So Icahn is likely to come out ahead, as are Apple shareholders who have weathered a rough year. The causalty is likely to be Tim Cook, or at least his public image. Steve Jobs, after all, was famously averse to offering any dividends or buybacks, let alone adding to programs already viewed by Wall Street as generous. This idea that Cook is unfit to lead Apple could start to gather steam.
I’ve always thought the not-Steve-Jobs label was a little unfair, and I think the notion that someone else should run the company is still too premature. More than many leaders in the technology industry, Apple is a hardware company, subject to the ups and down in profits as product cycles come and go.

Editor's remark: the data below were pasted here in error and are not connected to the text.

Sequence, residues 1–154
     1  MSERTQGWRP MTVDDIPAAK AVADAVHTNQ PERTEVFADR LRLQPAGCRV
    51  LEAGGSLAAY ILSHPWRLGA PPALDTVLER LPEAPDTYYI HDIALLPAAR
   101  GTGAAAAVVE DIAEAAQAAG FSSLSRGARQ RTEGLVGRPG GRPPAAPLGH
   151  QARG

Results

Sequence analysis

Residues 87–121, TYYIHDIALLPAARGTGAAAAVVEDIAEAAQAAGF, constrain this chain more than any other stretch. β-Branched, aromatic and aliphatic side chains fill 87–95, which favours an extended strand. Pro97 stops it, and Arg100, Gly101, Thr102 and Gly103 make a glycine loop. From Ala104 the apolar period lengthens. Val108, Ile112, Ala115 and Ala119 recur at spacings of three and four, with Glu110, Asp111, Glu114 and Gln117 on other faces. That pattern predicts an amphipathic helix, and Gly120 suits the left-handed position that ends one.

It’s still to early to say that in one year, Apple has gone from being the biggest innovator in Silicon Valley to a washed-up tech giant. Its thousands of engineers and designers are among the best, and talking as if the company is out of market-defining products is the same as saying these people have grown complacent with mediocre performance. Maybe that will happen with Apple in time, but it won’t happen in the course of a year.
Tim Cook is going to have a tricky year ahead, introducing low-cost versions of existing products, perfecting new ones that could create product categories, dealing with investors clamoring for the company to increase its debt. But in tech, more than most industries, the CEO is a more than a chief officer. The CEO is a public face, projecting an image of the company for the public. In that sense, Cook is no Jobs. But popular perception notwithstanding, he’s still the best executive capable of running the company.